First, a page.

Virgin River

Michelle Fermin, Corrections Editor

Virgin River quickly became one of my favorite shows because of its emotional performances and how it did not shy away from addressing taboo topics. The Netflix original ‘Virgin River’ which recently debuted it’s second season, was able to take a repeated idea of ‘lost person moving to a small town to start over’ and make it their own story with lots of original ideas. The writers did a great job of balancing a character’s struggle with their character development. Having seen other works from Martin Henderson who plays Jack Sheridan, I knew that he would do a good job of immersing himself into his character and that is what put the show on my radar. Although it took me a couple of months to finally watch it, the show did not disappoint at all.

Virgin River is my favorite Netflix original with its 20, nearly hour-long episodes; I was able to watch the show in its entirety in a week. The show has a lot of scenes that many people would consider ‘corny’ but the writers did not take the traditional route while revealing them to viewers as they were often more complicated than at first glance. The script writers were able to differentiate the show from the books while referencing them in the plot for a good balance. 

Melinda “Mel” Monroe played by Alexandra Breckenridge, is moving from Los Angeles to Northern California after a tragedy changes her world while trying to find herself again. When Mel first comes in she is very reserved, shut off to the town and its people, the actress’ performance was what kept me from closing the show. Mel has a problematic trait of running away whenever she deals with emotions or problems and hardly ever communicating. This was nerve-wracking to watch because we see the consequences of it later. The writers did an amazing job of writing a script that connects to its audience.

The film crew did an amazing job of capturing the nature that surrounds the town of Virgin River in Northern California. The shots of Mel, an avid runner in the forest while jogging showed the beauty of nature. The show has multiple scenes where the characters run into each other in the forests and in each one the director is subtly putting an emphasis on their surroundings. Often during their transition scenes, they will focus on nature and its sound which shows how much attention to detail they put.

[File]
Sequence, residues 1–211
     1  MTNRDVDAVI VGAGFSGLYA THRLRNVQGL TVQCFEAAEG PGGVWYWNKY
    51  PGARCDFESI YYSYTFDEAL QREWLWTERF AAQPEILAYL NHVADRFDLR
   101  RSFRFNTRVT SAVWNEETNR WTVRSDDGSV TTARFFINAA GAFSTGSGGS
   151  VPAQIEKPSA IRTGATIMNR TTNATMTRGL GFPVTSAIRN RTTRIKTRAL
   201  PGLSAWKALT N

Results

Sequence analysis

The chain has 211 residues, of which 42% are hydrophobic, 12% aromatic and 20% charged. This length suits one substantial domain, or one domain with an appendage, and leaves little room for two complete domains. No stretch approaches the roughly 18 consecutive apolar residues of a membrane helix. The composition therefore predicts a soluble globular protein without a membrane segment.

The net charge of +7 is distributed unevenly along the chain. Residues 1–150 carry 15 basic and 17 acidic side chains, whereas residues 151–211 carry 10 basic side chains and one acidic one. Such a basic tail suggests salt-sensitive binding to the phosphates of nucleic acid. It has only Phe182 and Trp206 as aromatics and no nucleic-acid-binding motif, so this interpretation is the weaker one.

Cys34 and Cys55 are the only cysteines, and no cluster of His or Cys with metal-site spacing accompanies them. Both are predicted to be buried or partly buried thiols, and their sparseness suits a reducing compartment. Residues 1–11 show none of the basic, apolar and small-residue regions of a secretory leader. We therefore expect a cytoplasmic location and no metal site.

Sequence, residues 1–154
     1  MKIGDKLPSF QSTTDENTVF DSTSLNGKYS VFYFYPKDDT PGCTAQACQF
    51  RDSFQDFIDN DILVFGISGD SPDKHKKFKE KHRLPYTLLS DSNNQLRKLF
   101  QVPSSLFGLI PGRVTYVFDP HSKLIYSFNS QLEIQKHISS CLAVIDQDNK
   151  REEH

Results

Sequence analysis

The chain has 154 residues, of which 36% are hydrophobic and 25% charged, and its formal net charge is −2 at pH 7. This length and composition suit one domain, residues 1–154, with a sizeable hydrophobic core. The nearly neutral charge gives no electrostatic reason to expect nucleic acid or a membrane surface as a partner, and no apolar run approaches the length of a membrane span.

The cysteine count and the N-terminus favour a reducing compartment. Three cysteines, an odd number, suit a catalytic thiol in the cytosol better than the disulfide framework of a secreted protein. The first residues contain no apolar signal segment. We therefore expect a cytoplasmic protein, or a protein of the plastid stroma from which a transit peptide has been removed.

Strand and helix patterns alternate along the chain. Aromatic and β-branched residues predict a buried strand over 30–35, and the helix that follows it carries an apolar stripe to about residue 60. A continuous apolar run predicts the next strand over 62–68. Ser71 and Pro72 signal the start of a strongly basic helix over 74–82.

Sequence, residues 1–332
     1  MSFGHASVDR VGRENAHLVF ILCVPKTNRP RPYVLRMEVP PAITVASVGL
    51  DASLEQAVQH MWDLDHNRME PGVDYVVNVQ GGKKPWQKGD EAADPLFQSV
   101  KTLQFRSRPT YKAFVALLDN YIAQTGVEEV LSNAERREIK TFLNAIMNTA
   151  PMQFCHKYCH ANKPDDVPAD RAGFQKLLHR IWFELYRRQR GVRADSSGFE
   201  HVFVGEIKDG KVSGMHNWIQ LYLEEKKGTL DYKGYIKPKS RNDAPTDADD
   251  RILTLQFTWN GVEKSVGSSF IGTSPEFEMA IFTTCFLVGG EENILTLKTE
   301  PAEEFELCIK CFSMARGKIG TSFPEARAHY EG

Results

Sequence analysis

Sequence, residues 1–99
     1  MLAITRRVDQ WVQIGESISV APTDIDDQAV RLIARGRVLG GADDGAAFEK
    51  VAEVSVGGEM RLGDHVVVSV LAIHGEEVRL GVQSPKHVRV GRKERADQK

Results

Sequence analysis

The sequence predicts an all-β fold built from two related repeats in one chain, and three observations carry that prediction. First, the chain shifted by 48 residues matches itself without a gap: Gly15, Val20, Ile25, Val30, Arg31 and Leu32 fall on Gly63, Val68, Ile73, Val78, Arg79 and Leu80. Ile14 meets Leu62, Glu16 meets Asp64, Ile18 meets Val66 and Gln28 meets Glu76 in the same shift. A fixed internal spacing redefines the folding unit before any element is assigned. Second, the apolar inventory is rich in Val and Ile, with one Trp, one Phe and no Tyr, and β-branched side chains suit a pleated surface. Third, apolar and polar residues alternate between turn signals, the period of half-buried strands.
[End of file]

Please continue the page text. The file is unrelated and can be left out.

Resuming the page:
Jake Sheridan is one of the main characters who owns the local bar and is an ex-Marine. Sheridan has a ‘giver, never take’ mentality who always helps others whenever they need it. The actor was able to incorporate emotions into his scenes so flawlessly that it often made me forget I was watching a television show. He often suffers in silence refusing to ever accept help even from those closest to him. As a viewer, this was a frustrating thing to watch because we see him shut everyone out. Sheridan needs to learn how to rely on others as they do with him because if not it will cause more harm than anything. 

The small-town mindset is different in every show that I’ve watched but the one of ‘Virgin River’ is very similar to that of ‘Hart of Dixie.’ Although the main difference is the length that those in Virgin River are willing to protect the ones who live in their small town. This creates a very strong connection between the community which the characters often lean back on in their times of need to center themselves. However, the bad part of this is that people in the town often have no privacy with the prying eyes of the town around them.

The drama in Virgin River is perfect for the audience they intended to reach. The romance and drama are slow-developing which makes it more realistic especially after Mel’s past. The show is rated TV-14 and is suitable for anyone above the age of 14. I would rate this show a 10/10. The show never cut any corners in its storytelling process and that is prevalent when watching. You can find Virgin River on Netflix and it’s the third season that comes out later this year.